Yellowstone Forever

March 4, 2009

On the Trail with the Nez Perce

In 1877, on a daring journey that started from Wallowa Lake, Oregon and ended tragically at the Bear Paw Battlefield near Chinook, Montana, the Nez Perce crossed Yellowstone National Park in an attempt to flee the U.S. Army. This extensive path—the Nez Perce National Historic Trail—was designated a site of National Historical Importance by Congress in 1986.  Today, archeologists are investigating new evidence of the events that took place in Yellowstone.

Yellowstone would like to better manage the Trail as it crosses Yellowstone, and to share its history with visitors, but requires more information to do so. The Yellowstone Park Foundation funded a survey that brought together oral histories relayed by tribal leaders with historical records compiled by researchers.  The goals were to investigate the Nez Perce route and to help Yellowstone tell the story of the journey.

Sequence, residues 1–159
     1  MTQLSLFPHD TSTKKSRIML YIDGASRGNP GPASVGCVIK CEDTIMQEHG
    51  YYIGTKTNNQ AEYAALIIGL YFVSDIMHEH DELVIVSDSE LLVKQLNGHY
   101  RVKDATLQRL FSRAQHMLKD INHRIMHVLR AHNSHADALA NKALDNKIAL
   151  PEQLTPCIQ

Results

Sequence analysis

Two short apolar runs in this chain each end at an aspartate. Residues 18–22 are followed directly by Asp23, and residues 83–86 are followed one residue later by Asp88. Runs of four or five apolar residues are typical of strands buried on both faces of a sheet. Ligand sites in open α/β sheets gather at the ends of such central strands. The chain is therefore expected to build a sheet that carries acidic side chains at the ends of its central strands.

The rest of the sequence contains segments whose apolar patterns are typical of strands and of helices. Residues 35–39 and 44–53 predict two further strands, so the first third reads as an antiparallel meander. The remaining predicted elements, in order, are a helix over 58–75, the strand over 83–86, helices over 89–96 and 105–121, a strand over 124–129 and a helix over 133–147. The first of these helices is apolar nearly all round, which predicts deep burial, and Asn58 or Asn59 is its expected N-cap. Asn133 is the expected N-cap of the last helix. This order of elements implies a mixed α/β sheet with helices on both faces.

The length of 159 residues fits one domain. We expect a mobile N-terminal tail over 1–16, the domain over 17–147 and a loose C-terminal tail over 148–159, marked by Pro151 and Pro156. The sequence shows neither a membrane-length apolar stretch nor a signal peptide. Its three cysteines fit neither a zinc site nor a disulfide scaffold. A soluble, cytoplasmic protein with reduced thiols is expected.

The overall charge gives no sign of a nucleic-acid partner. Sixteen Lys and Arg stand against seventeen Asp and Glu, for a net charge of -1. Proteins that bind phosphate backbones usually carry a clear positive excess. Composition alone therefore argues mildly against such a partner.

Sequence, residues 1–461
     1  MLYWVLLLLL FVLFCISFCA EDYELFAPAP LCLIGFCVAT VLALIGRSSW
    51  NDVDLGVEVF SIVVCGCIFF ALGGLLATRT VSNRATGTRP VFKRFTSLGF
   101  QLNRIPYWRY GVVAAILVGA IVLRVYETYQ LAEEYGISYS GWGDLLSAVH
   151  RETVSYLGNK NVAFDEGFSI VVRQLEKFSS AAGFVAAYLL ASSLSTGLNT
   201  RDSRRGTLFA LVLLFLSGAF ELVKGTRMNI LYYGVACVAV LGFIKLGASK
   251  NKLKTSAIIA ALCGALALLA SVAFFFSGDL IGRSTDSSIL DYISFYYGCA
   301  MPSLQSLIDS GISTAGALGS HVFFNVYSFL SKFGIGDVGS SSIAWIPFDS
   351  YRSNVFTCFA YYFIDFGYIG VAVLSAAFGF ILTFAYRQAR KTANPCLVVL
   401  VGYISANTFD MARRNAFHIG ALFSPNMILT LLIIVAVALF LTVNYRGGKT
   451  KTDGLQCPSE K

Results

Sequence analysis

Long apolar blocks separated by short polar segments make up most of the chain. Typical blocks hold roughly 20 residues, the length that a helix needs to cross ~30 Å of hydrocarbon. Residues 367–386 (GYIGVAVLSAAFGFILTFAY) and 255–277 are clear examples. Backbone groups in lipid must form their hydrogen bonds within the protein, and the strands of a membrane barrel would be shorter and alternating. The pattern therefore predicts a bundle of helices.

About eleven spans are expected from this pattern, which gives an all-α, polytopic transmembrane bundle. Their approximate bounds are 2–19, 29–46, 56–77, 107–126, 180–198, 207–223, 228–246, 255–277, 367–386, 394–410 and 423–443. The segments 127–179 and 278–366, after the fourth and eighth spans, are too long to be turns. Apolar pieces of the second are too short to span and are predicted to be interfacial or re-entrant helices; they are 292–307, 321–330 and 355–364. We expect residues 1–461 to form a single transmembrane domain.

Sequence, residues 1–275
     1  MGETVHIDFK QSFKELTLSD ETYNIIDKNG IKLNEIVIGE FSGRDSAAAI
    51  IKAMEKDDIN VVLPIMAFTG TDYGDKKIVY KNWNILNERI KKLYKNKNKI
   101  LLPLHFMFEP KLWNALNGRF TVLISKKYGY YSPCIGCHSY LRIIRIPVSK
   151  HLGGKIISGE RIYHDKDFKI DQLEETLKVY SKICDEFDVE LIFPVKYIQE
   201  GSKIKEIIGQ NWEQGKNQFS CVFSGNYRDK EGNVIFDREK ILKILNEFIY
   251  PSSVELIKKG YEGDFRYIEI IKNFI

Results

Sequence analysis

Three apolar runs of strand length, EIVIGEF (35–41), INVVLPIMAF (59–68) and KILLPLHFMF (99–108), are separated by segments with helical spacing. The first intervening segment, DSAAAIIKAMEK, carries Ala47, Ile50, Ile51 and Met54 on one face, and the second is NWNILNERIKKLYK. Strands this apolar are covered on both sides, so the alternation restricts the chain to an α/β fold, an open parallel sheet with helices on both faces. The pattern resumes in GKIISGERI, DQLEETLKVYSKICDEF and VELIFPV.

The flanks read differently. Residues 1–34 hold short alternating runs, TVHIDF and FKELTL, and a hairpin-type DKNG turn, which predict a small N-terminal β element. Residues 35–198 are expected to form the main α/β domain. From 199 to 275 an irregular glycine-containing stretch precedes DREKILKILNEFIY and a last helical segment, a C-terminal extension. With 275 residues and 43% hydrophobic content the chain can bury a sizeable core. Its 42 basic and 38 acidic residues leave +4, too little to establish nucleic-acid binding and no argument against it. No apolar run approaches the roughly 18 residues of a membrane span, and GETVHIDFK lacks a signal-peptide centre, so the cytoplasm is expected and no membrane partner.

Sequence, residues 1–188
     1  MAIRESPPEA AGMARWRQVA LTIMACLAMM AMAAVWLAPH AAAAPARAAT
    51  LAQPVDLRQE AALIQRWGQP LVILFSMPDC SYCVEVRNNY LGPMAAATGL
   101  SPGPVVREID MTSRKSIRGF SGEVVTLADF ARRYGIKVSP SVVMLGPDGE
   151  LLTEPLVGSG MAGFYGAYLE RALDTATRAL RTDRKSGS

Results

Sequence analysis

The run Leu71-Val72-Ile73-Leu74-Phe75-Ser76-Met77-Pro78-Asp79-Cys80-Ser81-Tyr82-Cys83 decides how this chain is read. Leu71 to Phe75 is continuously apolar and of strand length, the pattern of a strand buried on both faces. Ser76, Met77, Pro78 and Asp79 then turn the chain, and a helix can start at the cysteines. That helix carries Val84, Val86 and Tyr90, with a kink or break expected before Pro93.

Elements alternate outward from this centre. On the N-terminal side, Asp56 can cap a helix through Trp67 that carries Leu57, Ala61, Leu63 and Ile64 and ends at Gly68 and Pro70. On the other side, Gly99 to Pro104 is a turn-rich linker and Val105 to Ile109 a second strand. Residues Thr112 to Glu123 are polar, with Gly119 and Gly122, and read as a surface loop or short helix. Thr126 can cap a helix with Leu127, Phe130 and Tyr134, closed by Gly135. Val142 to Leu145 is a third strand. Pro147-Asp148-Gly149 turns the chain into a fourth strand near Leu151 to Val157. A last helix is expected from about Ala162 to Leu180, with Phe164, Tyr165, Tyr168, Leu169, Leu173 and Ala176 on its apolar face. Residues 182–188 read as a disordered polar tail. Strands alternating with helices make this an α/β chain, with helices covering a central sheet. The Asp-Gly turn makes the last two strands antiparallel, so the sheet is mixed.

Survey activities included visual assessments of the land features, and searches with metal detectors and other equipment for artifacts. All positive findings were flagged and recorded with GPS markers. The project resulted in the identification of four previously unknown historic sites, documentation of artifacts at three other sites, and reassessment of an additional five sites.

Some of the artifacts found during the survey, and subsequently identified as dating from the late 19th century, include several cartridges and musket balls, and a ‘rosette’ from a horse bridle.

Project researchers also discovered a sign (left) that was originally posted in 1904 and was thought to have been destroyed by wildland fire. It marks where the "Helena Party" were attacked by the Nez Perce—a key event associated with the Nez Perce in Yellowstone. 

The results of the inventory will help inform future educational programs, materials, and signage about the Nez Perce Trail, and ultimately help visitors gain a better understanding of the related events in history.


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